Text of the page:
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Total acromionectomy. A twenty-year review
RC Bosley
J Bone Joint Surg Am, 1991 Aug 01;73(7):961-968
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Thirty-five patients (thirty-eight shoulders) were treated consecutively with a total acromionectomy between 1969 and 1989. At a minimum of two years (average, five years and eight months) after the operation, thirty-one patients (thirty-four shoulders) were available for review. The results, which were rated on the basis of pain, function, range of motion, strength, and the satisfaction of the patient, were excellent for twenty-five shoulders, good for four, fair for three, and poor for one. Four of the five least satisfactory results were in patients who had had a long-standing massive tear of the rotator cuff. This study was done to separate the criticism of the operative procedure of total acromionectomy from an avoidable complication of that procedure, retraction of the deltoid, and to describe the specific advantages and satisfactory results that occur when that complication is avoided. It is my opinion that failure to repair the deltoid adequately results in retraction of that muscle, and that this avoidable complication is responsible for the unfavorable reputation of total acromionectomy.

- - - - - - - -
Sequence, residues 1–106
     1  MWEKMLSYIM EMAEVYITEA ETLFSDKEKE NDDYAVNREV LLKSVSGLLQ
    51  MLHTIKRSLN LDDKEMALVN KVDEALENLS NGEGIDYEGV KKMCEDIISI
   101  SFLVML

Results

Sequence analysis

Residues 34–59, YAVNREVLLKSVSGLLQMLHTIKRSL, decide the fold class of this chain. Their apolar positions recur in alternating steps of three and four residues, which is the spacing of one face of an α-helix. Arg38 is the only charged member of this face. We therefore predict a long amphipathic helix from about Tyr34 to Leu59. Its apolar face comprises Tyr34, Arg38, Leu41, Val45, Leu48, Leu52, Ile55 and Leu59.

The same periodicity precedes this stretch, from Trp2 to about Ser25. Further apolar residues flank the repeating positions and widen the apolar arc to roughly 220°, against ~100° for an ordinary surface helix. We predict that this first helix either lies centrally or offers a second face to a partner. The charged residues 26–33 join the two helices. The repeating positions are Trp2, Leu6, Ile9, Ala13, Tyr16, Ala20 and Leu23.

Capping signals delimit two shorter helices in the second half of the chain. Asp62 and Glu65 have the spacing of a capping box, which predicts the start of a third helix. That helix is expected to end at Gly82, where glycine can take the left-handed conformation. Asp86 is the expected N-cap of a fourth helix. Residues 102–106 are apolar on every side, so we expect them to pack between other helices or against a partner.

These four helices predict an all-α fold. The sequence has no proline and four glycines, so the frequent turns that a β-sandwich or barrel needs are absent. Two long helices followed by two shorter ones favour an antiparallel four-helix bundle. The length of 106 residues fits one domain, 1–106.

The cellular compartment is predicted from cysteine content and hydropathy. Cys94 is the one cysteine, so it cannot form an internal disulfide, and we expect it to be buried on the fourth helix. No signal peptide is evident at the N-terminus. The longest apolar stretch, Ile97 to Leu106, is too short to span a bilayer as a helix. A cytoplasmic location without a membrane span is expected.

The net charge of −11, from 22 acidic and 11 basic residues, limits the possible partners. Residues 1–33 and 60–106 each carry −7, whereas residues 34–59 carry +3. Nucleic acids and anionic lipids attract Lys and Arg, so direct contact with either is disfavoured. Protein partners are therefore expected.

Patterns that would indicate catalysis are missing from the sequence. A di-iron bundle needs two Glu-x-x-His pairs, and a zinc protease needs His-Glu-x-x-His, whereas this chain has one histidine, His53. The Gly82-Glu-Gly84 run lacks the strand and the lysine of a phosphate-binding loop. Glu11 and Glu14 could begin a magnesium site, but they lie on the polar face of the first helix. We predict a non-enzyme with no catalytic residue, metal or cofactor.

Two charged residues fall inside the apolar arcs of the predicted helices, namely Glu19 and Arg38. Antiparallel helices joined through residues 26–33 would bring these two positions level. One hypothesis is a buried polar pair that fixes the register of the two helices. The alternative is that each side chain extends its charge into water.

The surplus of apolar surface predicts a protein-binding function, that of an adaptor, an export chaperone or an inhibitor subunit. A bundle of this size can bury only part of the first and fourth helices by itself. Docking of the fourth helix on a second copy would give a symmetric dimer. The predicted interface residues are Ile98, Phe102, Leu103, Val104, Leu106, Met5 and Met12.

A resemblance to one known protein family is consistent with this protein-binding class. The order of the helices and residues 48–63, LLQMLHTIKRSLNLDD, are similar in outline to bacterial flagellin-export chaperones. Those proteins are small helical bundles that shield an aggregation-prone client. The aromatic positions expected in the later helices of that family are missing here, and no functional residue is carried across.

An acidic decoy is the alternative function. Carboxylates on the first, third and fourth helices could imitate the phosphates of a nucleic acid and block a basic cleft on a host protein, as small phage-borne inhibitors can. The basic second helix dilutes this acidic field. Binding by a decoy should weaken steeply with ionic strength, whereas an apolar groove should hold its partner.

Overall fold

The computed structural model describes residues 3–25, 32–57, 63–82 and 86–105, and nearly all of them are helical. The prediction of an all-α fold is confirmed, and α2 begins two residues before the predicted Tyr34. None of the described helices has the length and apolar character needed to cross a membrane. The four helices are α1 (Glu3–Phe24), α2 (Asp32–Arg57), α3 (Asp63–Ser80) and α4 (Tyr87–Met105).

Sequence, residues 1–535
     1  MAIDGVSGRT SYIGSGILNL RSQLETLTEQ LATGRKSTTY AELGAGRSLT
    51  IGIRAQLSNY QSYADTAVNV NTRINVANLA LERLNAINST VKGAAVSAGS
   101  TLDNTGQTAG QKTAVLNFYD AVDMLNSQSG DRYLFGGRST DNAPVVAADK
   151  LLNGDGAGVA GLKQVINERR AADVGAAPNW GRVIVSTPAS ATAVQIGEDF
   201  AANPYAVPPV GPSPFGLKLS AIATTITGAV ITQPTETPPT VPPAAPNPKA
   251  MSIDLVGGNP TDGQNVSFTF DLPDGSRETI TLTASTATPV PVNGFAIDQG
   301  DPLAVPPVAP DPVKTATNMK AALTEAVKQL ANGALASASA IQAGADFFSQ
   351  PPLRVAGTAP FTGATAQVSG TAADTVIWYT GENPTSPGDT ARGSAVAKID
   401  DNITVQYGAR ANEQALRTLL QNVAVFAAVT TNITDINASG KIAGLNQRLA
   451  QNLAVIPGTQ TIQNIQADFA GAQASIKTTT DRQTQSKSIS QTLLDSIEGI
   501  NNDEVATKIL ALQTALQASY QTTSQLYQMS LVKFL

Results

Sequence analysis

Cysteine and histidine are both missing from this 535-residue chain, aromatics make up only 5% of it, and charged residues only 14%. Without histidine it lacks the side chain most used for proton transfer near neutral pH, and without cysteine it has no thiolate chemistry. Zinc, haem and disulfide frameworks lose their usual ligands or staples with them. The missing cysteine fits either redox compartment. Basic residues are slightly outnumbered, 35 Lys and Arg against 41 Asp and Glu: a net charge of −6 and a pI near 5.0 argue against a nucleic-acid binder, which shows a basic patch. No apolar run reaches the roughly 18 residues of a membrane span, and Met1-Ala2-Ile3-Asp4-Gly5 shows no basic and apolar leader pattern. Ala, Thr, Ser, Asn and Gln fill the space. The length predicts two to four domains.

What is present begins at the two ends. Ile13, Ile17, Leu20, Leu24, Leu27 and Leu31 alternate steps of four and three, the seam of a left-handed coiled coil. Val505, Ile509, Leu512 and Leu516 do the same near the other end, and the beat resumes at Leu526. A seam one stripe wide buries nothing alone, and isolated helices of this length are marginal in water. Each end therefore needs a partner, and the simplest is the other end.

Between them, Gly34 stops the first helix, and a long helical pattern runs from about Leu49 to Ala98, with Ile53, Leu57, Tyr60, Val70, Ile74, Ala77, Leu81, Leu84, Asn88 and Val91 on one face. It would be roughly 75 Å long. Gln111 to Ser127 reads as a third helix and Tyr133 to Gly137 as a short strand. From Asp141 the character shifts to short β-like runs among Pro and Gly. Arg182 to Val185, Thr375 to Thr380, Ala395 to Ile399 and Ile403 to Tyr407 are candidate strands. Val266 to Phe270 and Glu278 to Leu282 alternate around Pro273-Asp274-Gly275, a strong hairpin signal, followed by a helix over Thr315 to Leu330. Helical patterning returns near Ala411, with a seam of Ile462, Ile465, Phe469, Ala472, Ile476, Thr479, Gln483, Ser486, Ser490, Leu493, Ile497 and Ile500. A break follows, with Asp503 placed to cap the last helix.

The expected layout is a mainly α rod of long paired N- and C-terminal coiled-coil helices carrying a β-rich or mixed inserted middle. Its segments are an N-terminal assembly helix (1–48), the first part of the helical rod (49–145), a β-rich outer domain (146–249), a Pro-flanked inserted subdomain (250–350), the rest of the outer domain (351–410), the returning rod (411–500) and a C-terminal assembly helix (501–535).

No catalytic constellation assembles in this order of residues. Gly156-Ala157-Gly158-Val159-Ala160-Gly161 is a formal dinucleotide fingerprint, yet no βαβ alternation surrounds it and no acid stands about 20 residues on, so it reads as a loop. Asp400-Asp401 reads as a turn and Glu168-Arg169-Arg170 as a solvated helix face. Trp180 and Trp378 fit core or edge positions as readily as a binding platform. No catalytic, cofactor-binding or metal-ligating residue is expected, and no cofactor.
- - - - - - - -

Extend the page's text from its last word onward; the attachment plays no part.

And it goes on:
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    These activities have been planned and implemented in accordance with the Essential Areas and policies of the Accreditation Council for Continuing Medical Education (ACCME) through the joint sponsorship of the American Academy of Orthopaedic Surgeons and The Journal of Bone and Joint Surgery, Inc. The American Academy of Orthopaedic Surgeons is accredited by the ACCME to provide continuing medical education for physicians.
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